New year opens with 'More Than Skin Deep' exhibit
Dec. 13, 2010
KALAMAZOO--The art exhibition "More Than Skin Deep: Portraits as Socio-Cultural-Political Commentary" will open Thursday, Jan. 13, at Western Michigan University. The exhibit will be on display in the Monroe-Brown Gallery at the University's Richmond Center for Visual Arts through Feb. 18.
The portrait is art's attempt to account for identity, to make sense of what it means to be an individual. It is in the experiences of contemporary life that personal identities have become fractured, complex and splintered--in a state of constant redefinition. Contemporary art has also become more heterogeneous and disconnected, as major themes in art are less evident. While the origins of portraiture are quite simple, contemporary identity, contemporary art and, therefore, contemporary portraits are more complex. As a result, two of the most basic questions, "Who are we?" and "How do we relate?" struggle with the challenges of predispositions.
"More Than Skin Deep" is an exhibition of three artists--Ray DiCapua, Nancy Froehlich and Susan Moore--who have each negotiated the intersection of these two questions with dramatic and thoughtful results.
The subject matter in Ray DiCapua's work stems from a vision of human potential, social justice, and political and civic responsibility. Another strong influence is his interest in the story of the constructed image of self and others, and how the unconscious patterned identity of this construct creates and recreates our world. Images, including the likes of President Barack Obama and Dick Chaney, have been composed in a way that brings the viewer up close to the subjects, with surfaces, poses, and facial details composed to reflect how these international figures are assessed in our media-saturated environment.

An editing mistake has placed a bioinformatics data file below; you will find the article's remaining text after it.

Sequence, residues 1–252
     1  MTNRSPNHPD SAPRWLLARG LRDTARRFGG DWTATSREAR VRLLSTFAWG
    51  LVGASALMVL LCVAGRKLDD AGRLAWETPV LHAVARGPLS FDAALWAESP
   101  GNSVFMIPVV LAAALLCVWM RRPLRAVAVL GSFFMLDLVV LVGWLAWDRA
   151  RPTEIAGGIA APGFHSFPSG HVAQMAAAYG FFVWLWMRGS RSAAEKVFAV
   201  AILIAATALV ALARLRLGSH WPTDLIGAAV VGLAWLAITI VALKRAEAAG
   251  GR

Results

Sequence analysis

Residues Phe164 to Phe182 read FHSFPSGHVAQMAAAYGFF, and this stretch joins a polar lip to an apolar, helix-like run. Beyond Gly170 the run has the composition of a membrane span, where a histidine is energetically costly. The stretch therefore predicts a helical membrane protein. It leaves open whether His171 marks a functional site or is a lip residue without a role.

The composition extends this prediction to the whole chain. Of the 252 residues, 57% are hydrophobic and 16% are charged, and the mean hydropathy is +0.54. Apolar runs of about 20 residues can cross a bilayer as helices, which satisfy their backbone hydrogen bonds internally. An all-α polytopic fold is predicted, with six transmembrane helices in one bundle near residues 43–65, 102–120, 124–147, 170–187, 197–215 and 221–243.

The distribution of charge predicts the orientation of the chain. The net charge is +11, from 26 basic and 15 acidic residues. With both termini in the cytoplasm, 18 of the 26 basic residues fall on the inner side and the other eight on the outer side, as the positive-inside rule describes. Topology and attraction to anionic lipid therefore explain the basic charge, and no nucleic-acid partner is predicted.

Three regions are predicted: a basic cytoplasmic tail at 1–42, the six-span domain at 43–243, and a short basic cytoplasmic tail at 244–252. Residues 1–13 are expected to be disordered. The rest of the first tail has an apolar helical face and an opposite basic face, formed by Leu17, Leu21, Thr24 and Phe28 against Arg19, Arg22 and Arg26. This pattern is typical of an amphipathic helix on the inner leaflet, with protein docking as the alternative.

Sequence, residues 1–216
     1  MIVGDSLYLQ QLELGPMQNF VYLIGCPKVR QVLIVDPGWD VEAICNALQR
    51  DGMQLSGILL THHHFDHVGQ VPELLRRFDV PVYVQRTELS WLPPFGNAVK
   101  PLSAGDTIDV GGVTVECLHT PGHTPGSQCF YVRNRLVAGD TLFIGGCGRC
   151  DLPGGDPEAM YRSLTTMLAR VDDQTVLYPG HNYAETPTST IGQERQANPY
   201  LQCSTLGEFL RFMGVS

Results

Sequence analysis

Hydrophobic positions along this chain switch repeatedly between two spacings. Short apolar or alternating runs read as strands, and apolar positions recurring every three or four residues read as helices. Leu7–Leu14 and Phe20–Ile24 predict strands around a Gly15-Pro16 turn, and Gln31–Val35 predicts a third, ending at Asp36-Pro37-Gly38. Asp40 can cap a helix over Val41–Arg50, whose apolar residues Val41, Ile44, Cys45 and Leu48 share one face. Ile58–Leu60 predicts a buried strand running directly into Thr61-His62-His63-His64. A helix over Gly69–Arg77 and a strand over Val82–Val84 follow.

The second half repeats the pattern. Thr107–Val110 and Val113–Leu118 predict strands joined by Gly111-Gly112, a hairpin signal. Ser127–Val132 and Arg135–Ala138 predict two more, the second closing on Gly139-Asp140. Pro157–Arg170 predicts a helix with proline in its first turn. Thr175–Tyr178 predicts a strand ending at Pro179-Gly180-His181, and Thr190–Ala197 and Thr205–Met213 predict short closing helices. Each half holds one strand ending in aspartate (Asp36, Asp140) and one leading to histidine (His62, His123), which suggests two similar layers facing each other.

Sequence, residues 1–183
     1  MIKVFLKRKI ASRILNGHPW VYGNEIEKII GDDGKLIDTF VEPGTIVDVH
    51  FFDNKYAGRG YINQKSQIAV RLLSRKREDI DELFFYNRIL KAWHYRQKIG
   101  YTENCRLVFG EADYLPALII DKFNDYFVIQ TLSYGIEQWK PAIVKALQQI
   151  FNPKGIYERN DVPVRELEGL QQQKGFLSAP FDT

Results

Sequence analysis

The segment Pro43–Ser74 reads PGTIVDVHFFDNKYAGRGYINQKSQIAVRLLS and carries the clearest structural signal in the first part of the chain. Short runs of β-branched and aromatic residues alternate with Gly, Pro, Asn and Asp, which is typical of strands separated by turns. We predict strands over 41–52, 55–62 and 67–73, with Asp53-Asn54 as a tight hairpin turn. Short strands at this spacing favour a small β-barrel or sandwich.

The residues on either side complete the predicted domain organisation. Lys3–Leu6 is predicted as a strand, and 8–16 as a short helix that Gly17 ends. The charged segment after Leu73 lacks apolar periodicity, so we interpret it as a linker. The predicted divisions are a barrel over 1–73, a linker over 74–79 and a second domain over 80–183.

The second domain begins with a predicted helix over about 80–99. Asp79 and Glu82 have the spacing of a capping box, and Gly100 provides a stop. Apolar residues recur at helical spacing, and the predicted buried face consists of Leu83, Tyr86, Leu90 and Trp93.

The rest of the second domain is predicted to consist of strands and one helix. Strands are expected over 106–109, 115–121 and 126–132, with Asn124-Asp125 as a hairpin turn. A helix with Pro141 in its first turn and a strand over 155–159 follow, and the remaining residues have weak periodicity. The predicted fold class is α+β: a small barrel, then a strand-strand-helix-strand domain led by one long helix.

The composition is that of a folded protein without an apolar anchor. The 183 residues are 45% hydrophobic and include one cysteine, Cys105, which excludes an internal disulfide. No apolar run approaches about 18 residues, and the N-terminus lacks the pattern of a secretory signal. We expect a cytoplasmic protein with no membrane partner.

In her "Gender Series," Nancy Froehlich takes a look at transgender issues and the private and public display of transvestites she befriended while living in Baltimore.
"In my photography work I challenge the notion of gender as static and question the limiting binary choice of male or female," Froehlich says. "It is in this series that I found what I had set out to achieve: images that cross the line between male and female. With these images, a shade of gray between male and female, I explore the notion of gender as fluid and transformative, not static, and ask the viewer to question their own assumptions when it comes to issues of gender."
Susan Moore's paintings focus on the ways humans strive for individuality through body art and other beauty marks. In her "Second Skin" series, Moore's subjects have exposed extreme physical expressions that, on a daily basis, are usually covered and out of eyesight. The viewer becomes a voyeur, putting the audience in an uncomfortable and somewhat frightening place.
Edith Newhall of the Philadelphia Inquirer wrote of Moore: "Her subjects have a cadaverous pallor and stillness heightened by the fact that she has left several inches of blank canvas around their bodies so that their extremities appear to fade, ghostlike, into the neutral background."
For more information, contact the Frostic School of Art Exhibitions Office at (269) 387-2455. Parking is available in the Miller Parking Ramp, adjacent to the Richmond Center.
Media contact: Don Desmett, (269) 387-2455, firstname.lastname@example.org